Imagining the Citron
The flaw in the whole Euro project is that it attempted to bring too many apples and oranges together into a single currency and economy.
The wise guys are remarkably inflexible and uncreative about how to solve the problem but it really is (almost) divisible into apples and citrus. The Euro as we know it is a currency for markets that have climates that can grow apples. The countries in trouble are mostly places where you can grow citrus (ok, Ireland is an outlier, but stay with me). These countries need an escape mechanism but can’t inflate their way out of the problem because they don’t own the printing presses. If they did, like say the UK or the US, they could inflate (moderately) the currency and bring down the GDP to debt ratio. But there is no comparable citrus-zone-based Euro, let’s call it the Citron, ok?
Divide Europe into Eurozone and Citronzone and you still have most of the advantages of unified currency and enlarged trade zones. However, the Citron economies would be able to run higher inflation rates letting their debt to GDP ratios equilibrate and stemming the crisis. A more flexible Citron would make these countries competitive in the global labor market without the crushing austerity that is the real problem right now. It would reignite demand and trade and end this madness.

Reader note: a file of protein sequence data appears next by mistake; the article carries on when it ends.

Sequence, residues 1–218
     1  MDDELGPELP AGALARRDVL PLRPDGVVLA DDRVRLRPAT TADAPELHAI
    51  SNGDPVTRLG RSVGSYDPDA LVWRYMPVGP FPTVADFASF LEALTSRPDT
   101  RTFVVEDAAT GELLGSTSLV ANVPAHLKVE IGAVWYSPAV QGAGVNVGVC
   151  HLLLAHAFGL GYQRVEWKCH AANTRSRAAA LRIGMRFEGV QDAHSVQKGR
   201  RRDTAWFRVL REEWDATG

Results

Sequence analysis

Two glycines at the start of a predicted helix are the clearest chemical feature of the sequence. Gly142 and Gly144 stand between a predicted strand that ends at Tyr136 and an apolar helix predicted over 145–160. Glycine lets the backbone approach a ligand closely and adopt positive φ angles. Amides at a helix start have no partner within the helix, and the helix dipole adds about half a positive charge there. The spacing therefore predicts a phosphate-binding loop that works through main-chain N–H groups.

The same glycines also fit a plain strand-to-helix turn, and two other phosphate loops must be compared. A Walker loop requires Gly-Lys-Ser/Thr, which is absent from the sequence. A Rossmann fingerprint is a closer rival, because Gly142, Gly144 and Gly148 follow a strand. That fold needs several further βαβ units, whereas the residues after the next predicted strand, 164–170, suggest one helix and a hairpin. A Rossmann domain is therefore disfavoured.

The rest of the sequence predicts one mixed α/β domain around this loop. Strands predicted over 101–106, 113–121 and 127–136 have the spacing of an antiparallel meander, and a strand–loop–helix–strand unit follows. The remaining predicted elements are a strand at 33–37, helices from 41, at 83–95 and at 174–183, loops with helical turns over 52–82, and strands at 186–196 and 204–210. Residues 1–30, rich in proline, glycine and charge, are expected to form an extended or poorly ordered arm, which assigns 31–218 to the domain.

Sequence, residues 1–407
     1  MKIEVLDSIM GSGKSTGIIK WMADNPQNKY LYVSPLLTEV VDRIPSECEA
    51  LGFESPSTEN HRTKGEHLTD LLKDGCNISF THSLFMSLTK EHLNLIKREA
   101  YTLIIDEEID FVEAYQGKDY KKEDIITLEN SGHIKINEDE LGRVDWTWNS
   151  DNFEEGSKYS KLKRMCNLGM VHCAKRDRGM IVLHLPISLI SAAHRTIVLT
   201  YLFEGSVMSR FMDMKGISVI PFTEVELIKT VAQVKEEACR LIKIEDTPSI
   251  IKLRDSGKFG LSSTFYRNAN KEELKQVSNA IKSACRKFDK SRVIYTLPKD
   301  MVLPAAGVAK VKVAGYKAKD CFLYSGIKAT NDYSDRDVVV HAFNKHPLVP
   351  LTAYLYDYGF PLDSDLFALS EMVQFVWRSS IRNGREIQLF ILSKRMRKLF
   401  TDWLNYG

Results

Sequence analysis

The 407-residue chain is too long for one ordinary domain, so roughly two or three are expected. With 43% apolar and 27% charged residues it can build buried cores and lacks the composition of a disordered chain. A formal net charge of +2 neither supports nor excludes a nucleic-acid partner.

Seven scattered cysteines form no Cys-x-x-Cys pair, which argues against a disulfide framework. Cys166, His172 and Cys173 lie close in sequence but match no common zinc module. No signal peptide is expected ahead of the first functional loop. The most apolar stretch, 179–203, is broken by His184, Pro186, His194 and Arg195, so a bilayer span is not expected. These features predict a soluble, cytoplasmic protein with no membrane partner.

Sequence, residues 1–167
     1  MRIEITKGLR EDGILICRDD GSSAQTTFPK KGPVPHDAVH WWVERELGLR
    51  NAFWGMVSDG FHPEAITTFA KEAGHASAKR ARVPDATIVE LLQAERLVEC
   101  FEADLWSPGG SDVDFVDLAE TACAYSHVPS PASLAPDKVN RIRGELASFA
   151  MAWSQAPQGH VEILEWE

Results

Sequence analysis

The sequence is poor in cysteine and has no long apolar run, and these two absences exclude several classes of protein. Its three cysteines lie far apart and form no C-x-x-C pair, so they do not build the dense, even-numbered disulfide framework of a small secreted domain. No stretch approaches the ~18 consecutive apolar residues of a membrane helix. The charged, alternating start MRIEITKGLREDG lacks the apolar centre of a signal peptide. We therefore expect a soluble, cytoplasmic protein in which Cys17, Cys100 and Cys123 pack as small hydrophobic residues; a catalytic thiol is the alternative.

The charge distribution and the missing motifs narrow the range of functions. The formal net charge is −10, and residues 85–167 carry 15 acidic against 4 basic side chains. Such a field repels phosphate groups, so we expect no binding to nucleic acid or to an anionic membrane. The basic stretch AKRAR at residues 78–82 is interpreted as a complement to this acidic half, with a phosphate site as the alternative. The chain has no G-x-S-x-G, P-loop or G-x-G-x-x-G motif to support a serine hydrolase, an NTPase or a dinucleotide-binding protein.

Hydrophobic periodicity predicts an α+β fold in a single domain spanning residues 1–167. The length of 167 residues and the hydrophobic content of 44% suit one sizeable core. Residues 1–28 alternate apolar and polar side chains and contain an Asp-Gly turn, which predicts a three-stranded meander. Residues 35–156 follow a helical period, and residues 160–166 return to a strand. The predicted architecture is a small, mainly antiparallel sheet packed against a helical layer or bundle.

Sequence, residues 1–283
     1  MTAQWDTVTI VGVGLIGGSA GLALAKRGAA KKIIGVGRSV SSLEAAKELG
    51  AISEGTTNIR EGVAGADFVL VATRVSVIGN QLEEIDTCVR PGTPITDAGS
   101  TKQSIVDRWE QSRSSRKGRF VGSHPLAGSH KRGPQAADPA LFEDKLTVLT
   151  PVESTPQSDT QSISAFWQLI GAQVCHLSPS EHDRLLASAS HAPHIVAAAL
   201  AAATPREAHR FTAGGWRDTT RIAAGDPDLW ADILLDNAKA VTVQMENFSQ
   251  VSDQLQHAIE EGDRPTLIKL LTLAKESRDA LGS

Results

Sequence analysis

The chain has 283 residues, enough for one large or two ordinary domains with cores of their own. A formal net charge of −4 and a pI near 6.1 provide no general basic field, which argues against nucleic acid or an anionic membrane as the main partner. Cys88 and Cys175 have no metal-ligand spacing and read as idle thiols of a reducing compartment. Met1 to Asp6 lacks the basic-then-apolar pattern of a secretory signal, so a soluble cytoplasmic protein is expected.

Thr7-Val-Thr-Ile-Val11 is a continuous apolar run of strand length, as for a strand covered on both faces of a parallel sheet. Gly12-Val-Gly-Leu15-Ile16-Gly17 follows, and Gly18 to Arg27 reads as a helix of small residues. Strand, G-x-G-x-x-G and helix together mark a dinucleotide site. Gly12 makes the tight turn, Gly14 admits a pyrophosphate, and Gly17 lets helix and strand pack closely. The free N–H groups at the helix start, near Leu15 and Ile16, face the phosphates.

The benefit of a unified currency market is over rated in a world rushing into an era of plastic money. There are three currencies in North America and they seem to work well enough. Europe would have more if you consider the Euro, Citron, Pound, Swiss Franc and a raft of other countries like Iceland and Moldova that have their own currencies. Splitting the Eurozone would only add one more currency but it would give Germany and important out.
The German constitution prohibits the kind of bond offerings that many say are needed to stem the crisis. Inventing the Citron would effectively enable Germany to outsource inflation to another currency. The inflation in the Citron zone would accomplish the desired result of enabling those countries to more easily repay their Euro denominated loans the same way that inflation enables a homebuyer to repay a mortgage with cheaper dollars than those borrowed.